Giving Compass' Take:

• Caren Grown explains that in spite of global efforts to close the financial inclusion gender gap, no headway has been made. She offers possible explanations and next steps for the World Bank.

• How can philanthropy support research to understand why the gap persists? Are there examples of programs that have closed the gap? 

• Learn about opportunities for inclusive fintech in the U.S.

As senior director for gender at the World Bank, Caren Grown is the last person you’d expect to be taken aback by data about the financial gaps between men and women. But, she says, she was “really surprised” by the bank’s latest findings on financial inclusion, released in its Findex report this April, which showed that the gender gap in account ownership hasn’t budged for seven years, despite significant global efforts to close it.

Why is it that we haven’t seen any progress?

Part of [the persistence of the gap] may be because somebody else in the household has an account, and women don’t perceive the need to open one up independently, but I don’t think I really believe that explanation. Another more likely explanation is … if you’re not in the labor force, there are fewer incentives to get an account and if you’re in an informal occupation, it may be harder for a number of reasons. There’s also research from GSMAssociation and other institutions that women have less access to ownership of technology, for instance, a smartphone, or even access to the internet.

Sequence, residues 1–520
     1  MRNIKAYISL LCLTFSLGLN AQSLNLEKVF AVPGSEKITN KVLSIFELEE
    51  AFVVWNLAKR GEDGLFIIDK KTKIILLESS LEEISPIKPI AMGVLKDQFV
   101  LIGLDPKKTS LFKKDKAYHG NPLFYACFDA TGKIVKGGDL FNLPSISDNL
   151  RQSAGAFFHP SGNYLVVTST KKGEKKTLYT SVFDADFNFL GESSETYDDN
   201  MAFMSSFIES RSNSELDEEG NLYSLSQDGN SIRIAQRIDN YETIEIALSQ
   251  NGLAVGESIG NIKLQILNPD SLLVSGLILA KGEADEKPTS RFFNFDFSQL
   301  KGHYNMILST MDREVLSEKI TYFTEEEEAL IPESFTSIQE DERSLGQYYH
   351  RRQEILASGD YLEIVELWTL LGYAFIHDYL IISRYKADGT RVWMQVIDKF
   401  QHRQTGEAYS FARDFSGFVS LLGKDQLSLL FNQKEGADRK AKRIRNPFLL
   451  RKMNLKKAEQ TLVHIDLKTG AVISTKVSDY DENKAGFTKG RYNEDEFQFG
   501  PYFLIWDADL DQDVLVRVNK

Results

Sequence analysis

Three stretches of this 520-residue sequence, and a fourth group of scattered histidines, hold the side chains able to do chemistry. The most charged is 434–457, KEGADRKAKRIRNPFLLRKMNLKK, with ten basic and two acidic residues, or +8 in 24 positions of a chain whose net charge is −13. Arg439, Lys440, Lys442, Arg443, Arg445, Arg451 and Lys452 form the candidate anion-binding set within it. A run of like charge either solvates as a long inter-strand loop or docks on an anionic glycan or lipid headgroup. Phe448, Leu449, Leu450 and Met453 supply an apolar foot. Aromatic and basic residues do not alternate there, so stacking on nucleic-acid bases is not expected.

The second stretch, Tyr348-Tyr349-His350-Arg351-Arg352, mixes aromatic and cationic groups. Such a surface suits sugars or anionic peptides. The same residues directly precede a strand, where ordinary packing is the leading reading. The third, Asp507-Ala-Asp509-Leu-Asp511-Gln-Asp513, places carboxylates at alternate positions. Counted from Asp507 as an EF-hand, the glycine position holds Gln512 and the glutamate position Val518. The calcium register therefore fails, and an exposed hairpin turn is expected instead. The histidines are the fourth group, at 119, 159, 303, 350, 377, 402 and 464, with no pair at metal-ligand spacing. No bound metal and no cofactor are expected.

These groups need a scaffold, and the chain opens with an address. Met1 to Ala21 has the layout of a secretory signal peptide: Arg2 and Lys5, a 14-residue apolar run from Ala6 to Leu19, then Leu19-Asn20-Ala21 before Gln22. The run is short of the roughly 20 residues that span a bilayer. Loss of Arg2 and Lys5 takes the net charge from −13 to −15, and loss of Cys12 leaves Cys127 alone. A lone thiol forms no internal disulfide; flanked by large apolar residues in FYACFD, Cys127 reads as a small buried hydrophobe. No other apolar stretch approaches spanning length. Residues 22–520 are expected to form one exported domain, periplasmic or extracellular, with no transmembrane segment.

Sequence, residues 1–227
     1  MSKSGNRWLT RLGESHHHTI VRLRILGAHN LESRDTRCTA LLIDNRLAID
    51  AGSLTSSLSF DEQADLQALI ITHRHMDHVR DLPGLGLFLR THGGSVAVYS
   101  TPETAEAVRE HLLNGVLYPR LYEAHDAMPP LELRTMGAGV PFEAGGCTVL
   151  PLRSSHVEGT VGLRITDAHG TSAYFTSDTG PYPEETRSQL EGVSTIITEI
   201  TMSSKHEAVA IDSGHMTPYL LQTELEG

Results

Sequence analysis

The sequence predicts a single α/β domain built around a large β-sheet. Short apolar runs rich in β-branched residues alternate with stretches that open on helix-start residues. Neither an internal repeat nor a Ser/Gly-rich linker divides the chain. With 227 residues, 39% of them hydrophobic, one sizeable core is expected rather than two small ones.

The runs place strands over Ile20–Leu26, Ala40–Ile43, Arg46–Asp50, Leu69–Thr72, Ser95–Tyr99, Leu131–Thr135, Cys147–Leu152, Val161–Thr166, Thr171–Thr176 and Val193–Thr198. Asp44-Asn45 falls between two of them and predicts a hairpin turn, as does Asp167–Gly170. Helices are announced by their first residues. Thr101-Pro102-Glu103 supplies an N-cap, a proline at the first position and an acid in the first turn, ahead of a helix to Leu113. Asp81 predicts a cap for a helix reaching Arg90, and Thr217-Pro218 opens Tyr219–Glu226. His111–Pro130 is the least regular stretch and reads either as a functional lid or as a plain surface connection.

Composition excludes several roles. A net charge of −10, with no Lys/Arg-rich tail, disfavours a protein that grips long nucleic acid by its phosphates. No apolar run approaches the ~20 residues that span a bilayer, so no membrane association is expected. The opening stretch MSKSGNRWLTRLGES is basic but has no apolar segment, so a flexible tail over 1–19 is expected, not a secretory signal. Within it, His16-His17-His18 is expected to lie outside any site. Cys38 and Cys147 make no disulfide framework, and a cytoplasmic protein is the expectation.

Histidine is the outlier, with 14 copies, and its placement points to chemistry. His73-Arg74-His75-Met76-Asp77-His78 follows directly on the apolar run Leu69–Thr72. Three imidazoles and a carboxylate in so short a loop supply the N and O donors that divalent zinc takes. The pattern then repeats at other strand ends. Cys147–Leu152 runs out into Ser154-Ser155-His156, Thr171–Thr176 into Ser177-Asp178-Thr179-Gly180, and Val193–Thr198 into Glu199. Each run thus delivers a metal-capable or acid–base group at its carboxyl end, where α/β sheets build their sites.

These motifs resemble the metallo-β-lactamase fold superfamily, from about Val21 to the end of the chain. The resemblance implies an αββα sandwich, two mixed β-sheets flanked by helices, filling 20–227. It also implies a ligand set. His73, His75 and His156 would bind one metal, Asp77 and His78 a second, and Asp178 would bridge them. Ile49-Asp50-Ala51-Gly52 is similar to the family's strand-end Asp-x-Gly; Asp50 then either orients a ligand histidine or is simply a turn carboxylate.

You have said that the World Bank is going to use this data to specifically target the closure of both the usage and access gap. 

One set of activities is to work with central banks to gather more disaggregated information on account holders in the financial system. We think that’s really important. We also have a large initiative called the Women Entrepreneurs Finance Initiative, which works to help women start and grow small and medium enterprises.

Read the full interview with Caren Grown about the financial inclusion gender gap by Jihii Jolly and Megan Clement at News Deeply.